News+and+politics religion philosophy the cynic librarian: al-Qaeda's X-Generation

Thursday, January 19, 2006

al-Qaeda's X-Generation

In a public forum on bin-Laden, two authors who have written about him explain how the war in Iraq benefited bin-Laden and how the war will create new bin-Ladens. These comments reflect some things I posted several months ago. What this war has done is to create a cycle of revenge and resentment that will spread like wild-fire in a region that still operates on the tribal loyalty principles of vengeance killings. ...

One of the authors, Peter Bergen, makes some keen observations. For instance, he notes:

After Sept. 11, 2001, a backlash against bin Laden developed among various jihad elements, which believed the attacks hurt their cause more than it helped them. "It's a myth that all jihadist groups are united by their hatred of the United States and have a single perspective," said Bergen. "The jihad groups hate each other more than they hate the Bush Administration."
That is a message that always seems to be missing from the President's speeches, which always lump these groups together. Only recently has Bush begun to discriminate between jihadists in Iraq and the Iraqi-born insurgents. The Pentagon's own asessments put the jihadists at about 5 percent of those fighting the US.

Another point made by Berger and fellow author Steve Coll includes the following:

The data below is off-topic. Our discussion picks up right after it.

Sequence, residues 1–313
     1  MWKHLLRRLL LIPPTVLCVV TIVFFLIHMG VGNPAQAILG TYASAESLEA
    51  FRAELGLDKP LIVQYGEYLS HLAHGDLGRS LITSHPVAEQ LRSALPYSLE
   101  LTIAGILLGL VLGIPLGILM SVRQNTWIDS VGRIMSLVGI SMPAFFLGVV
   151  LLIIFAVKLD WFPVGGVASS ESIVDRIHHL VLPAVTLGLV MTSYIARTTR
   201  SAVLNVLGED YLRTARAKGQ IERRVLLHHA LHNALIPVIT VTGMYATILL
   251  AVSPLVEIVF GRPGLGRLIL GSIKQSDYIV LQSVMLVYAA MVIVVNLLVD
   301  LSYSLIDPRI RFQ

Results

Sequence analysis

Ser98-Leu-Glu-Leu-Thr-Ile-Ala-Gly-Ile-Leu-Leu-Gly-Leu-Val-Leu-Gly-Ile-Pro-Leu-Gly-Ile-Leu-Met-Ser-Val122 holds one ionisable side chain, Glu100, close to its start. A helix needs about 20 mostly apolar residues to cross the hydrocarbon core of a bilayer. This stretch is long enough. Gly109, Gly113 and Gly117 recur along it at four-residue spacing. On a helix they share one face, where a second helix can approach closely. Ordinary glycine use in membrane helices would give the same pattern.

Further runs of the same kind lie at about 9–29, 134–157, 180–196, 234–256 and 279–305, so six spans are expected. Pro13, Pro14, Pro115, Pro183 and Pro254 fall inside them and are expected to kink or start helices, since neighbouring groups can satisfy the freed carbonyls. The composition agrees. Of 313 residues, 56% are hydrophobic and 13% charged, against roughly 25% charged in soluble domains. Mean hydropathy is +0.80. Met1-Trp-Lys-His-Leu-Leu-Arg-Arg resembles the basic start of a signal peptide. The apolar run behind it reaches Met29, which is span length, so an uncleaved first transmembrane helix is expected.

Speaking alongside Bergen was Steve Coll, author of the Pulitzer Prize winning "Ghost Wars; The Secret History of the CIA, Afghanistan and Bin Laden." Coll said that "Bin Laden's greatest gift as a leader is to control the public narrative. He has a sense of the ending of his own narrative and that ending is martyrdom."

Consequently, both authors believe that a practical mechanism for dealing with bin Laden is simply not available. From Bergen's point of view, bin Laden has two choices at this point, "He can disappear into the history books and never say anything again or he can remain in the game and risk the possibility of revealing himself." At this point in the development and disintegration of al-Qaida, Bergen believes that bin Laden has carved out a role for himself as the elder statesmen, playing a role in the media battle.
What this means is that bin-Laden is an illusion now. While Bush and others keep talking about him as a real threat, all that he can really do is serve as a mouthpiece that makes idle and empty threats. In the meantime, the new generation of bin-Ladens hang on his every word--fueled by resentment at seeing Moslems killed in Iraq and watching what they perceive as a Christian Holy War unfold in the mideast and elsewhere around the world.

To counter this growing illusion, the message needs to be gotten out that bin-Laden is a phantom of those in the US who wish to gain and hold on to power through creating fear and anxiety.

So, how do we stop terrorism? Bin-Laden himself seems to agree with William Blum. In an article in The Washington PostBlum, the US author bin-Laden quoted in his recent speech, says:
"If I were the president, I could stop terrorist attacks against the United States in a few days. Permanently. I would first apologize -- very publicly and very sincerely -- to all the widows and orphans, the impoverished and the tortured, and all the many millions of other victims of American imperialism."
Could it really be that simple? Just a recognition that the US has killed innocent men and women? The attempt to stop the procedures and policies that brought about those deaths? The first part might be easy for some but not a President who finds it difficult to admit being wrong in anything. The second part, of course, will seem naive, if not absurd, because those policies and procedures ensure the flow of oil into the US.

Related Links

No comments: